A smartphone app can record and transmit test results from a portable lab that people can plug into their phones. The lab uses saliva from plastic test strips that people put in their mouths like a sucker. (Credit: Joseph Fuqua II/UC Creative Services)

Researchers have designed a tiny portable lab device that plugs into a phone, connecting it automatically to a doctor’s office through a custom app. With a single drop of blood or saliva on a custom plastic lab chip, the device smaller than a credit card can diagnose infectious diseases such as the coronavirus.

While study did not expressly look at coronavirus, the researchers said it would have similar applications in diagnosing infectious diseases or tracking health conditions like depression and anxiety.

The phone provides the power and test protocol to the lab chip. A patient simply puts a single-use plastic lab chip into his or her mouth then plugs that into a slot in the box to test the saliva. The device automatically transmits results to the patient’s doctor through a custom app UC created for nearly instant results.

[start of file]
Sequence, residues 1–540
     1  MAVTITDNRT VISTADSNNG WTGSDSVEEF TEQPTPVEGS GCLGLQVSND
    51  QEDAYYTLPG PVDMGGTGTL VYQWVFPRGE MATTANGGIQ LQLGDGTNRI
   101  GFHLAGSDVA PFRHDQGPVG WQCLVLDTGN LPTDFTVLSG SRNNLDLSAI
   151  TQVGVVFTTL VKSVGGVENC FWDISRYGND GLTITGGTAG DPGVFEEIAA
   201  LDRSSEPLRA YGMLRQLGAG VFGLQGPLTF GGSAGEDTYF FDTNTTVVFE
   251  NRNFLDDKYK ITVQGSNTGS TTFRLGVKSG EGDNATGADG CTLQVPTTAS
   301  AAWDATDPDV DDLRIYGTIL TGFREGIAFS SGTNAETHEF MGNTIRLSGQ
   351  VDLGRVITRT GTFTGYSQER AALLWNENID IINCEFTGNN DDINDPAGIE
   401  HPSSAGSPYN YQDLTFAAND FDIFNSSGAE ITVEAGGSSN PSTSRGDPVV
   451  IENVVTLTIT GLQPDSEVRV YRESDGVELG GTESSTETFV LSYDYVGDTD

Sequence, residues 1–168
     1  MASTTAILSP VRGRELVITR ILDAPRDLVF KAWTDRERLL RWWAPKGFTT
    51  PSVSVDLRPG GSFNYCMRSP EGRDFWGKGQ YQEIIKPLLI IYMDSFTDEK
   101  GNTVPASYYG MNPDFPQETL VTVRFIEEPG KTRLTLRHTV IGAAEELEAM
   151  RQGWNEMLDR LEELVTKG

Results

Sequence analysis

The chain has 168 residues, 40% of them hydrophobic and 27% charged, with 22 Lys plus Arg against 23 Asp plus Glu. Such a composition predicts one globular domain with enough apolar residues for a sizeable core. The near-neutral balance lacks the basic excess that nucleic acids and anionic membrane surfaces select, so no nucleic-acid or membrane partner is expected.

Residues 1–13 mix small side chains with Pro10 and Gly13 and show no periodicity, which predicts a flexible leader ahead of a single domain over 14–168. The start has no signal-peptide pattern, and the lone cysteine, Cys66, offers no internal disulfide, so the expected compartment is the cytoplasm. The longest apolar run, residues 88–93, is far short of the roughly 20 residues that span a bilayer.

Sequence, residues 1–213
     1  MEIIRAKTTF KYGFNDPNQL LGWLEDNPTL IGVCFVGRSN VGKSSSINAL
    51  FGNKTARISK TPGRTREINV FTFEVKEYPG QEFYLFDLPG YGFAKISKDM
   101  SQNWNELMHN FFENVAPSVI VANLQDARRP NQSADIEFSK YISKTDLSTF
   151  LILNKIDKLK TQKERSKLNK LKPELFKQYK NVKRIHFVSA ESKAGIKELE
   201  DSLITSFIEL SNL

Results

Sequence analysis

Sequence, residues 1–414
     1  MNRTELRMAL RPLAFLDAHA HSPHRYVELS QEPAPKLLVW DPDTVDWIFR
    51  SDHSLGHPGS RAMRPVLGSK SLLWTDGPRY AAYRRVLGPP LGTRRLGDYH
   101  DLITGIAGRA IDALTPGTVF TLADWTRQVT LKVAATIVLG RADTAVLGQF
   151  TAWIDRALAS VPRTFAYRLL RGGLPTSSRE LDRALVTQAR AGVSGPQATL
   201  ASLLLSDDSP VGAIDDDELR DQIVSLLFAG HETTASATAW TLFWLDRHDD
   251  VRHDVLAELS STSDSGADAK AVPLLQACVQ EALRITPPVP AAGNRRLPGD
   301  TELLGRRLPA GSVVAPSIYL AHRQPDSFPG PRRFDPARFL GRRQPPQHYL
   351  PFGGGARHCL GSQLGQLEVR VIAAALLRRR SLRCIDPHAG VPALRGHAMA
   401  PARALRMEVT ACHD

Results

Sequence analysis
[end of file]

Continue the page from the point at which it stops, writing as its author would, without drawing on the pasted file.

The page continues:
The research team created a novel lab chip that uses natural capillary action, the tendency for a liquid to adhere to a surface, to draw a sample down two channels called a “microchannel capillary flow assay.” One channel mixes the sample with freeze-dried detection antibodies. The other contains a freeze-dried luminescent material to read the results when the split samples combine again on three sensors.